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  • Bryce Canyon National Park, Utah

    CKD in the general population

    41

  • 2012 USRDS annual Data RepoRt

    volumeCKD

    42

    chronic kidney disease in the general population

    1

    introductionintroduction

    In this chapter we assess the burden of CKD by using data from the National Health and Nutrition Examina-tion Survey (NHaNES), a valuable source of information for assessing disease prevalence and high-risk subsets among representative U.S. adults. The biochemical data collected by NHANES is an especially important resource for looking at CKD, which is defined in large part by the estimation of glomerular filtration rate (eGFR) and by evidence of albumin in the urine. As is done with other disease burdens assessed in the national survey, we define CKD at a single point prevalent point in time. Some estimates of CKD incorporate additional estimates of persistent albumin in the urine over weeks or months. But because such data was assessed only in the 1988–1994 NHANES sample, we have chosen to report the single measure to broadly define CKD on a population level. The clinical definition for a single patient may require greater precision and repeated measurements to be certain of actual disease and prognosis.

    Recent publications by the CKD Consortium (Lancet, 2010) examine the risk of death, cardiovascular events, and ESRD based on eGFR and urine albumin levels. In past ADRs we have reported eGFR by two widely used methods, the MDRD approach and the newer CKD-EPI equation. As the latter has been shown to give more precise estimates with fewer false positives, this year we report eGFR using only the CKD-EPI equation.

    We begin the chapter by showing the overall burden and interactions of dia- betes, cardiovascular disease, and CKD — three interrelated diseases of clear pub- lic health relevance — and compare prevalence estimates based on an eGFR less than 60 ml/min/1.73 m2 to those based on a urine albumin/creatinine ratio (ACR) of ≥30 mg/g. When defined by eGFR, the prevalence of CKD in 2005–2010 was 6.3 percent, compared to 9.3 and 8.5 percent for diabetes and cardiovascular dis- ease, respectively. If kidney disease is defined, however, by ACR, the prevalence of CKD rises to 9.2 percent.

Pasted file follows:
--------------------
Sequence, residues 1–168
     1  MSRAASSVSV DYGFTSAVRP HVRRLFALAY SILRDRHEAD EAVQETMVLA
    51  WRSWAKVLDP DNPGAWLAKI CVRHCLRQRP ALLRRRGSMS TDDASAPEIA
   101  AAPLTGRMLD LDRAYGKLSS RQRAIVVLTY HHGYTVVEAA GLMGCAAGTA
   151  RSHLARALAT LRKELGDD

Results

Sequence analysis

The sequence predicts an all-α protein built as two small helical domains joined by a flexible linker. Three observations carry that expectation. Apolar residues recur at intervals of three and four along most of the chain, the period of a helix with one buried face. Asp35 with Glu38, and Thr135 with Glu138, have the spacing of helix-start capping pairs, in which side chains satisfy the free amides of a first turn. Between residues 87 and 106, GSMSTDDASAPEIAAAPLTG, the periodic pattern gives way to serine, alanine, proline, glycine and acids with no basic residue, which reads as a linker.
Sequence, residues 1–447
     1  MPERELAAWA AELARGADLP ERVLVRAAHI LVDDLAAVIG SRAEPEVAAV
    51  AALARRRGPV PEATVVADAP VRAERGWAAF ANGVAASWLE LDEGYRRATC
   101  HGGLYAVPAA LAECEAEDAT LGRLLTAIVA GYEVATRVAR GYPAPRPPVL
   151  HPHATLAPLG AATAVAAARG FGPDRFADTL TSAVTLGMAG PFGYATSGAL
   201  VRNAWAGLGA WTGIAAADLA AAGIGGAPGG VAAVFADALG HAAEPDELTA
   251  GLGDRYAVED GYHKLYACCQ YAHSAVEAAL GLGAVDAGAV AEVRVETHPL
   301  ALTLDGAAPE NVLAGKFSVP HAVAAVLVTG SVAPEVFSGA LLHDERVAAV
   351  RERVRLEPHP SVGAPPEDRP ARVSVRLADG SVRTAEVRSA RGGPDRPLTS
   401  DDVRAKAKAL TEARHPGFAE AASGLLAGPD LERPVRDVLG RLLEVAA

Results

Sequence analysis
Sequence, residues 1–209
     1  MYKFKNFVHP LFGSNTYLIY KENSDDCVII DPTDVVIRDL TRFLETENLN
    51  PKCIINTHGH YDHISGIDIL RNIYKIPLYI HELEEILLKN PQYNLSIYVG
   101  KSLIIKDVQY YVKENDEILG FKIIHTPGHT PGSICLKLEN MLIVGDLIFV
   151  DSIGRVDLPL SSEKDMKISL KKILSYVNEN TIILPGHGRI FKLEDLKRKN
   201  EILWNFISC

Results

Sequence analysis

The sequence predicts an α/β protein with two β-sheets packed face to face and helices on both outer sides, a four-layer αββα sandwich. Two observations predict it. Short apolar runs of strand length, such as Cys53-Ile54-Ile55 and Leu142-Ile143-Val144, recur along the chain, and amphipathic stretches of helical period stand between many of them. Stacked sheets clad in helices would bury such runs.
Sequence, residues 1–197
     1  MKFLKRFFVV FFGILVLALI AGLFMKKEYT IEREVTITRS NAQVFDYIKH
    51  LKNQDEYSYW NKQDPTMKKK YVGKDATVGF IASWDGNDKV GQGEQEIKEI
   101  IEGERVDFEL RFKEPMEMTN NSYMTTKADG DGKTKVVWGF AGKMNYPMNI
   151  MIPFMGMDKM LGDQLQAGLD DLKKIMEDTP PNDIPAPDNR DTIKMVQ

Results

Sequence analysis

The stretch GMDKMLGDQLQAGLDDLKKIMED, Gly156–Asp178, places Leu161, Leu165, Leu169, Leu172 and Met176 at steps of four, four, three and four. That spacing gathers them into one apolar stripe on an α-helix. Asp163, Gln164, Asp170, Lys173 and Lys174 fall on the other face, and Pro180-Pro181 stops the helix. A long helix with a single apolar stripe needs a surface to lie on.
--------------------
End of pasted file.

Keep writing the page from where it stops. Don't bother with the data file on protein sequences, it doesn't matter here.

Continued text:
Exploring the implications of CKD, diabetes, and cardiovascular disease in the general population, this chapter sets the stage for Chapter Two, in which we discuss CKD as identified in datasets that are less well defined in terms of bio- chemical data, but that provide extensive information on morbidity, interventions, and costs.

    Overall, the prevalence of CKD appears to have increased slightly from 1988–1994 to 2005–2010; the level of albuminuria, however, has not changed. Risk factors associated with CKD have declined slightly, but their overall pattern is similar. The main source of the increase in CKD appears to be defined by eGFRs

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    one who is humbly

    aware that with each

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    is writing his signature

    on the face of the land.

    alDo lEopolD, A Sand County Almanac

    44 prevalence of CKD

    46 comorbidity

    48 awareness, treatment, & control | predicting death

    50 summary

  • All CKD in NHANES 2005-2010

    eGFR

  • Albumin/creatinine ratio (mg/g)

    0 30 60 90 120 150 180 210 240 270 300

    Pe rc

    en t

    0

    20

    40

    60

    80

    100

    1988-1994 2005-2010

    eGFR (ml/min/1.73 m2)

    0 20 40 60 80 100 120 140 160

    Pe rc

    en t

    0

    20

    40

    60

    80

    100

    1988-1994

    2005-2010

    chronic kidney disease in the general population